by François Monti
Ever since the publication in 2001 of Otro, his first novel, Robert Juan-Cantavella has seemed to position his work as a continuation of a certain Spanish literary tradition as much as a cheeky raid on its vaults and a blithe taunt to anyone wishing to hold him accountable for his hijacking of or attacks on sacred cows. In Proust Fiction (2005), a story collection, Juan-Cantavella introduces into several of the pieces a character called Escargot—not really an alter-ego or a pseudonym, probably a heteronym . . .—and we learn that, were it not for him killing them all beforehand, a bunch of giants really would have been waiting for Don Quixote on that fateful day at the windmills. This is no mere comic gesture, not any more than an attempt by a bold young man to pretend that Spanish literature owes him something; it’s also, and more importantly, a way to insist that all creation is also recreation (in more than one sense of the word).
No surprise then that the core idea of the collection’s eponymous story is that Proust actually plagiarized filmmaker Quentin Tarantino. What could be thought of as an innocuous pop game is actually a rather deep reflection on the anxiety of influence and on the way one’s fictions come to be; a literary construction were Borges and David Foster Wallace collide. El dorado (2008), Juan-Cantavella’s breakthrough novel, turns its attention to the conflicts and issues of Spain today. Juan-Cantavella brings back Escargot and begins in Marina D’Or, one of the huge, bunker-like mass tourist traps built on the Spanish coast over the last decades. Escargot is sent there to write an article, but things turn nasty as he gets mixed-up in a full-blown generational war between retired vacationers and young tourists. Halfway between A Supposedly Fun Thing I’ll Never Do Again and Fear & Loathing in Las Vegas (things are not helped by Escargot’s deviant ways . . .), the book’s blistering opening sets the tone for what follows. Fearing for his life, our hero flees to Valencia, where the Pope is about to celebrate the World Families Meeting. There, with the help of Brona, his faithful sidekick, he intends to find the mythical Eldorado. Obviously, things are about to go awry . . .
El dorado makes no bones about its status as a satirical novel where nothing is what it seems. Here, Juan-Cantavella comes up with his own Iberian take on the gonzo style: Quevedo reread through Hunter S. Thompson-tinted glasses. But once again, he is not just having fun (although there is undoubtedly a lot of fun to be had here): he is more importantly delivering a very tough assessment of what it means to be Spanish today.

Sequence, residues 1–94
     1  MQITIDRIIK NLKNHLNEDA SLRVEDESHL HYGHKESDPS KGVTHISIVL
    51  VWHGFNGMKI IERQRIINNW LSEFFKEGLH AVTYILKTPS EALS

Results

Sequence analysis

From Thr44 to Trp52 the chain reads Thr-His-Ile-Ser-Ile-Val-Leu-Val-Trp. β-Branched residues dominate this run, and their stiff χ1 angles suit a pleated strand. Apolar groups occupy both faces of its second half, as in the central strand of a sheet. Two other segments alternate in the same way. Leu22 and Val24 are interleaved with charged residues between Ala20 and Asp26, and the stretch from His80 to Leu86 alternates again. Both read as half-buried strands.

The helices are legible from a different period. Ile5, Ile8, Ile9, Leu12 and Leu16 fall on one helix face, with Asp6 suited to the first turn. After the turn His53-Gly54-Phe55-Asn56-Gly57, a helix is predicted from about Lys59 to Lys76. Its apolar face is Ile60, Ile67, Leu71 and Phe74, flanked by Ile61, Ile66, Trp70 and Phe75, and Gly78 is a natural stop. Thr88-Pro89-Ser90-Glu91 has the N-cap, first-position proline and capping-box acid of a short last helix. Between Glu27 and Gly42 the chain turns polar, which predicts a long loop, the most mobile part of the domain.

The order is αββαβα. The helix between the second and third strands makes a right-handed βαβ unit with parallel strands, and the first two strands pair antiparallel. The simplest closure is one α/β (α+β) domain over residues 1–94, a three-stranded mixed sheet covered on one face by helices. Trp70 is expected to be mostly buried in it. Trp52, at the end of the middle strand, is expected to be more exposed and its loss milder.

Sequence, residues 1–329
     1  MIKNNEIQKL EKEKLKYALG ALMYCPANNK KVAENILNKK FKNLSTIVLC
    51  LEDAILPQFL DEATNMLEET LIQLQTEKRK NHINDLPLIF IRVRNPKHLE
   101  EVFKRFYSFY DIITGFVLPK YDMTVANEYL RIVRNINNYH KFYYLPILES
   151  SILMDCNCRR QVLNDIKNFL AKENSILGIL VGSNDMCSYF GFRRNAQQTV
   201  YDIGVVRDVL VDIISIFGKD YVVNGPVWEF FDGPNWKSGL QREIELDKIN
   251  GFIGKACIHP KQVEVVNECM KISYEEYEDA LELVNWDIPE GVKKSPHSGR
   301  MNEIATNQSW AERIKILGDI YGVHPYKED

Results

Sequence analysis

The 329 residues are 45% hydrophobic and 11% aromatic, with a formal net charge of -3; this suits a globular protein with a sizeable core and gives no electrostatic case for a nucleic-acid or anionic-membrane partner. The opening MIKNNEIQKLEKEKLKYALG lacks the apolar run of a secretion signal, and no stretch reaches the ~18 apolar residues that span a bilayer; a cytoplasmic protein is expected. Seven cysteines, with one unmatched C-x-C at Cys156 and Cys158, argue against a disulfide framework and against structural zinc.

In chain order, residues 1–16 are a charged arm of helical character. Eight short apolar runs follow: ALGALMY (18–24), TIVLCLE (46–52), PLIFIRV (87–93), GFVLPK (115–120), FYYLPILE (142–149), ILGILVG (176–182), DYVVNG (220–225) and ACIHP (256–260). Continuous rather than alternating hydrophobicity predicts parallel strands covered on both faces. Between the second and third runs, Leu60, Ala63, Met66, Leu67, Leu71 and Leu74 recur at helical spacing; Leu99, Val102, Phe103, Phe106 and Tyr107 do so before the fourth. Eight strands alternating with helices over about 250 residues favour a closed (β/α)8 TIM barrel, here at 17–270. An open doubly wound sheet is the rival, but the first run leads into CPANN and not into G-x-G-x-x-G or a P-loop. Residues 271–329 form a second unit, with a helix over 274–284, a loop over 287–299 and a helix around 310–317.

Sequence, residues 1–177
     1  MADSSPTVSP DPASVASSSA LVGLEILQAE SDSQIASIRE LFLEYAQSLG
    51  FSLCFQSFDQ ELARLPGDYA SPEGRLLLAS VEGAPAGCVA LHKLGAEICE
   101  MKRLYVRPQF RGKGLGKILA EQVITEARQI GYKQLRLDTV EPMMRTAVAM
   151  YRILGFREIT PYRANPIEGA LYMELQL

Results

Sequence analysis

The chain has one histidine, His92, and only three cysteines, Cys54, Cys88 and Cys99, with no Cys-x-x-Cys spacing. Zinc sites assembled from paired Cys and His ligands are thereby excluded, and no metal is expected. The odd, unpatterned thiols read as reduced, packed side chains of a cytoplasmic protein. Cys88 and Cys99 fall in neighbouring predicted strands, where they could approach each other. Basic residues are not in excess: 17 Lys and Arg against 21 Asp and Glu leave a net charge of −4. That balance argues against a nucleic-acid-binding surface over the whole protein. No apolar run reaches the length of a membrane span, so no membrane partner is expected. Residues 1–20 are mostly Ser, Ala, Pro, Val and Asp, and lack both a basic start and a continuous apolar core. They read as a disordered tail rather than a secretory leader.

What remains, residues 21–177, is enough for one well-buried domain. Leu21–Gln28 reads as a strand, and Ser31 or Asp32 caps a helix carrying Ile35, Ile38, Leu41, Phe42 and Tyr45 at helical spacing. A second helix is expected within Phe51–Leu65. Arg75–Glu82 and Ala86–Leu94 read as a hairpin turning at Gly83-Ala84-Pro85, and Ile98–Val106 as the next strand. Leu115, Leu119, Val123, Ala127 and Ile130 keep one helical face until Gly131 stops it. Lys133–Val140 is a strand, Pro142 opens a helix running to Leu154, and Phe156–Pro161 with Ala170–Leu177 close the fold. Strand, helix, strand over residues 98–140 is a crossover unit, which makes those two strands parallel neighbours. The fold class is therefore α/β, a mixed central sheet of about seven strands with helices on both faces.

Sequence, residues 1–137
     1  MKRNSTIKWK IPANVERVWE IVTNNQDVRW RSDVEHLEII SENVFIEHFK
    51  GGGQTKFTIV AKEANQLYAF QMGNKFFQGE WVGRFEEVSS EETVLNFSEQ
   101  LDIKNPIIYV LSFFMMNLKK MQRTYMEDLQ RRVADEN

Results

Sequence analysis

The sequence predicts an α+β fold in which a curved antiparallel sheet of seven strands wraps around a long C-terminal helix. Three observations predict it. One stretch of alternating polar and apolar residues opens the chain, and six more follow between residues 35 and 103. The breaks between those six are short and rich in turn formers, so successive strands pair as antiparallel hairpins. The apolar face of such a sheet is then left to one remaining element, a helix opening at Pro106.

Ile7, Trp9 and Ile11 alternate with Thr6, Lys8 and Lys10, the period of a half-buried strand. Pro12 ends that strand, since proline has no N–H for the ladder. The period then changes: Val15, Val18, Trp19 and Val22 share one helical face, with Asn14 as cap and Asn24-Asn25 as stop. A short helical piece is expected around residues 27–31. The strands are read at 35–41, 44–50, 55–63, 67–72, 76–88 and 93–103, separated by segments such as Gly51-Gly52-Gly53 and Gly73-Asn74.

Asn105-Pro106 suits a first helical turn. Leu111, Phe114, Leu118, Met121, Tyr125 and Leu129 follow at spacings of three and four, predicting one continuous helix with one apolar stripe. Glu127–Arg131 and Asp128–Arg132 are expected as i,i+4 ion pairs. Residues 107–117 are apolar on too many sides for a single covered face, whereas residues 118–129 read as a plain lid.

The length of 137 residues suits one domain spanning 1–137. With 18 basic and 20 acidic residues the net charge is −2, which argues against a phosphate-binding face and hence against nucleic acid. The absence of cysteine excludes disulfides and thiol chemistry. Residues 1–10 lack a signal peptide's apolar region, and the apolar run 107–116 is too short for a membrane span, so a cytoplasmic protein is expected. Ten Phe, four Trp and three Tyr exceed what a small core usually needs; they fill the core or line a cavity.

A year before the crisis really hit the peninsula’s shore, El dorado already puts forward the main ills of Spanish economy, completely under the yoke of promoters and builders, convinced, as it was in 2008, that architectural and environmental catastrophes like Marina D’Or were keys for prosperity. As it turned out, this vision of “prosperity” only lined the pockets of a chosen few, namely, politicians, business people, and the like. Now that 20 percent of Spain’s working population is jobless—with the construction sector, so essential to places like Marina D’Or and formerly the nation’s number one employer, now bust—El dorado has become even more significant a work. It is a book written out of his very personal knowledge of Spain’s darker sides: Juan-Cantavella himself was born in Castellón, one of the epicenters of Spanish malaise, a city located in one of the most corrupt regions of the country, where business and politics are so closely linked that it’s often difficult to make out who has been elected and who has not. Decisions follow the money more than the votes, a fact that, alongside the demise of Spain’s construction sector, will seem all-too-relevant to American readers.